Published online Dec 7, 2020. doi: 10.3748/wjg.v26.i45.7131
Peer-review started: July 25, 2020
First decision: September 14, 2020
Revised: September 28, 2020
Accepted: November 12, 2020
Article in press: November 12, 2020
Published online: December 7, 2020
Worldwide, hepatocellular carcinoma (HCC) is a prevalent lethal disease exhibiting the highest cancer mortality rate with limited chemotherapeutic options. The discovery of a new chemotherapeutic agent is an urgent demand for the treatment of HCC patients.
Tight Junction (TJ) proteins have been implicated to regulate various signal transductions in carcinogenesis. Recent evidence has shown that nimbolide possesses anticancer activity in various cancers; however, its specific mechanism in HCC remains elusive.
We aimed to study the effect of nimbolide on TJ proteins, cell cycle progression, and hepatic inflammation in an experimental hepatocarcinogenesis mouse model.
Diethylnitrosamine (DEN) and N-nitrosomorpholine (NMOR) induced mouse model of HCC was performed in the present study. Nimbolide was given orally for four consecutive weeks to DEN/NMOR induced HCC mice from 28th to 32nd week. At the end of the study period (32nd week), all the mice were sacrificed, blood and liver samples were collected for various analysis. HCC tumor markers such as alpha-fetoprotein (AFP) levels and glypican-3 protein expression were analysed. Hepatic TJ proteins, cell cycle, and inflammatory marker protein expressions were evaluated by western blot analysis. Cell proliferation and oxidative stress markers were analyzed by immunohistochemistry. Molecular docking study was performed to confirm the interaction of nimbolide with zonula occludens 1 (ZO-1), nuclear factor of kappa light polypeptide gene enhancer in B-cells (NF-κB) and tumor necrosis factor alpha (TNF-α).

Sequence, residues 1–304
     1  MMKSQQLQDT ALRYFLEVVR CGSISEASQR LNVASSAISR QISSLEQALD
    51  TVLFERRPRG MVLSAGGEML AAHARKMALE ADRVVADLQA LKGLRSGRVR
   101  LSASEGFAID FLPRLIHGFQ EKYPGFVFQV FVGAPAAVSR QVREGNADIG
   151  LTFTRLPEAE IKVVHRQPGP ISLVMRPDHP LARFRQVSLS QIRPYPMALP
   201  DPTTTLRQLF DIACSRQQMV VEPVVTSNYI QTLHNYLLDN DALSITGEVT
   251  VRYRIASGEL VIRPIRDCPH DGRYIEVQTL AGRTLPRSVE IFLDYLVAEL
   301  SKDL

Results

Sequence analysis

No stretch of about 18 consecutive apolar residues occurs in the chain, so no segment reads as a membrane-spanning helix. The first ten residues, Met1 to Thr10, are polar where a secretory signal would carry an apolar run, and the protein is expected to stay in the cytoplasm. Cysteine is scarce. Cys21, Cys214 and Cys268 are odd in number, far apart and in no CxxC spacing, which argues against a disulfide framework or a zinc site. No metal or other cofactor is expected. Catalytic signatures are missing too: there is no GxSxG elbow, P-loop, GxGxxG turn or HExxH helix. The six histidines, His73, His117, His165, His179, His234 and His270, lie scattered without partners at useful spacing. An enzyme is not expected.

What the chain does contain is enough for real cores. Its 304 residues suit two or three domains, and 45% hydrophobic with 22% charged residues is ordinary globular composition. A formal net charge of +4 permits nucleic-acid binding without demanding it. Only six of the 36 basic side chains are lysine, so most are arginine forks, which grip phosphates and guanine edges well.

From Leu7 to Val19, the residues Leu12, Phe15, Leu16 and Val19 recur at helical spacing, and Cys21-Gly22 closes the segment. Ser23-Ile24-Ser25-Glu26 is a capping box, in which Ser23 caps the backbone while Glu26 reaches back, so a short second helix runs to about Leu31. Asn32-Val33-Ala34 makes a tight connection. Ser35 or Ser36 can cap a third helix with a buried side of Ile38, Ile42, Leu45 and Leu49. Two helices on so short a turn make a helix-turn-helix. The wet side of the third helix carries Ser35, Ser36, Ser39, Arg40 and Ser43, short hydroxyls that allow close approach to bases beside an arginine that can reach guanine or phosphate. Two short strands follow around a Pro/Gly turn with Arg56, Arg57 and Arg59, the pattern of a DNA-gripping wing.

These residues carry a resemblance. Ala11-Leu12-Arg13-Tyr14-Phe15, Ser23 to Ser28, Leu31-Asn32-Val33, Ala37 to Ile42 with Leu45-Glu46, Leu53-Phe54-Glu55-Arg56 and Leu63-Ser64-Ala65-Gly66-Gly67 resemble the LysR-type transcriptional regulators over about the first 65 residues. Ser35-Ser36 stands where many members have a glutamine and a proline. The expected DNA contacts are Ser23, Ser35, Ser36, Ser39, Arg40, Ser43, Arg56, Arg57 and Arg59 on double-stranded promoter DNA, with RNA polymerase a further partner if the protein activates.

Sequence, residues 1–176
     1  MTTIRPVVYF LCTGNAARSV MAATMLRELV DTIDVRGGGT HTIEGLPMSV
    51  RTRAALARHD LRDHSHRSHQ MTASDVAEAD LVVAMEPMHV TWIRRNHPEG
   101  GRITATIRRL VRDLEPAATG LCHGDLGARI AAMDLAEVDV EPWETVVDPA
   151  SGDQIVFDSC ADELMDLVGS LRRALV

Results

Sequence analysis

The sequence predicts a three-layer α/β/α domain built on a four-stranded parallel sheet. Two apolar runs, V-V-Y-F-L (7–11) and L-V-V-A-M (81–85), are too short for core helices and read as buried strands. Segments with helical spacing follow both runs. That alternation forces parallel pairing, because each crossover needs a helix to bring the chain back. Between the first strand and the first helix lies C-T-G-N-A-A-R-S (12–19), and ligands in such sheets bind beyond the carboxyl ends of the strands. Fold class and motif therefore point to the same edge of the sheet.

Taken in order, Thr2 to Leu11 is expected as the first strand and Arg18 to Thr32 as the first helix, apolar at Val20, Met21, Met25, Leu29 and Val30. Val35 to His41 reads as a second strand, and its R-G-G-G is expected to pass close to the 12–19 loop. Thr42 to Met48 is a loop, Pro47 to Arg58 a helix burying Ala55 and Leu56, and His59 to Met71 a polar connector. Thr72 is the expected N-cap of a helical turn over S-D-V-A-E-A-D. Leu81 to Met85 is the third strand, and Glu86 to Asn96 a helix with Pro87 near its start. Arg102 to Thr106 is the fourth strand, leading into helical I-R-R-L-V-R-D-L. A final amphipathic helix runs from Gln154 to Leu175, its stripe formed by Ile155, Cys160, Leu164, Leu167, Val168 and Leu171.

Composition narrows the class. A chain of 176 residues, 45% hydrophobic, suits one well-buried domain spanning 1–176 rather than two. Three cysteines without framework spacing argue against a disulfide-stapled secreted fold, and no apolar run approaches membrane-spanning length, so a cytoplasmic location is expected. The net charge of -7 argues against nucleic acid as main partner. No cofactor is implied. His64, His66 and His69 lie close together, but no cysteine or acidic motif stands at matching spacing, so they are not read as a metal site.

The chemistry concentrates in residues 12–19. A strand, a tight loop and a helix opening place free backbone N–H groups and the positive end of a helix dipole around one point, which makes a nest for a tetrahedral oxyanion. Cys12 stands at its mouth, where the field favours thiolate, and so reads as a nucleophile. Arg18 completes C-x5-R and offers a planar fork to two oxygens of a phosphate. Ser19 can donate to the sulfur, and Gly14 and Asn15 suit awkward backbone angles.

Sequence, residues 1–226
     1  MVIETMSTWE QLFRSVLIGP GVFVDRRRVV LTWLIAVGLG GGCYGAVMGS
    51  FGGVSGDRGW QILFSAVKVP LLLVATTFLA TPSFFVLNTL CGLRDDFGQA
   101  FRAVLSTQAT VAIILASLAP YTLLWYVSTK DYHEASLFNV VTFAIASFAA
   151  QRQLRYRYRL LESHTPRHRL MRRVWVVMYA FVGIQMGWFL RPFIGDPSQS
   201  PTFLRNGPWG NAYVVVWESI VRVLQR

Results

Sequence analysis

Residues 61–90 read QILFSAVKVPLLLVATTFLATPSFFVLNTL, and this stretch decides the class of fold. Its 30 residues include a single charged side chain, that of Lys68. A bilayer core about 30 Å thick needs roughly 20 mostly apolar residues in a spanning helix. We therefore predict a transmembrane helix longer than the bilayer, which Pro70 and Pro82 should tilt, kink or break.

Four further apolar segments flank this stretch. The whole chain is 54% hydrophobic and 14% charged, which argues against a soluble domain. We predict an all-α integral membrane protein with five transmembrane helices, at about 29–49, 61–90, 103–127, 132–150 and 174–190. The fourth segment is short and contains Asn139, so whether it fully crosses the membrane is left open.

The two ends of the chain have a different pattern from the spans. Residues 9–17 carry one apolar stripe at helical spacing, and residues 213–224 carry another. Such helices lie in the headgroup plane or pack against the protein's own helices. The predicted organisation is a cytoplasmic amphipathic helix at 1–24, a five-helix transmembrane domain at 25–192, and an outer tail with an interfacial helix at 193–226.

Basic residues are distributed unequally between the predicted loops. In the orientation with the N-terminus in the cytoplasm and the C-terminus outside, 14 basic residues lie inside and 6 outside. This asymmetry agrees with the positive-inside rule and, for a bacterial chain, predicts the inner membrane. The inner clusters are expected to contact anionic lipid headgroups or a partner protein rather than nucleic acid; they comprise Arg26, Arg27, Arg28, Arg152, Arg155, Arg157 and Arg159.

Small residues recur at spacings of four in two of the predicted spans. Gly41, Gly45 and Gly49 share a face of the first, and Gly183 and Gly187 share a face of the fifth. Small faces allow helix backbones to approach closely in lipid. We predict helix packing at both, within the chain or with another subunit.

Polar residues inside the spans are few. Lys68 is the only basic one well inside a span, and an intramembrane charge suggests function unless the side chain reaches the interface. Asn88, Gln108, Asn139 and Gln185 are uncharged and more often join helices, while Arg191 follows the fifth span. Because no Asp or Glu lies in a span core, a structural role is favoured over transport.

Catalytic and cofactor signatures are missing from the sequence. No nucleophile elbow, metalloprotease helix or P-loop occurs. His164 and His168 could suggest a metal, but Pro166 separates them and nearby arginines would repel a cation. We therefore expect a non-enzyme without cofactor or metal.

Hepatic tumor size and HCC tumor markers AFP and glypican-3 were reduced following nimbolide treatment. TJ protein (ZO-1 and occludin) expression levels were restored after nimbolide treatment, while ZO-1 associated nucleic acid binding protein expression was attenuated. Additionally, nimbolide treatment also reduced cell proliferation and cell cycle markers. Moreover, nimbolide treatment ameliorated hepatic inflammation and oxidative stress in HCC mice. The binding affinity and modulatory effects of nimbolide with ZO-1, NF-κB, and TNF-α were confirmed by molecular docking analysis.
Nimbolide treatment showed anticancer effects by improving TJ proteins expression, suppressing cell cycle and cell proliferation, and ameliorating inflammation and oxidative stress in DEN and NMOR induced HCC mice.
Nimbolide may be used as a potential chemotherapeutic agent for HCC treatment. Further molecular research and human studies may delineate nimbolide as a candidate drug for HCC treatment.